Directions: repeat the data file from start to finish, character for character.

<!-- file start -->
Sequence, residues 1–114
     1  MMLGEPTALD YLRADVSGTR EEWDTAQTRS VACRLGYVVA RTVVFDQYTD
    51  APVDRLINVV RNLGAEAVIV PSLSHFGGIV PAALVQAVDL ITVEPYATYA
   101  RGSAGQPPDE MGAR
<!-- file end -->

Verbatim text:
Sequence, residues 1–114
     1  MMLGEPTALD YLRADVSGTR EEWDTAQTRS VACRLGYVVA RTVVFDQYTD
    51  APVDRLINVV RNLGAEAVIV PSLSHFGGIV PAALVQAVDL ITVEPYATYA
   101  RGSAGQPPDE MGAR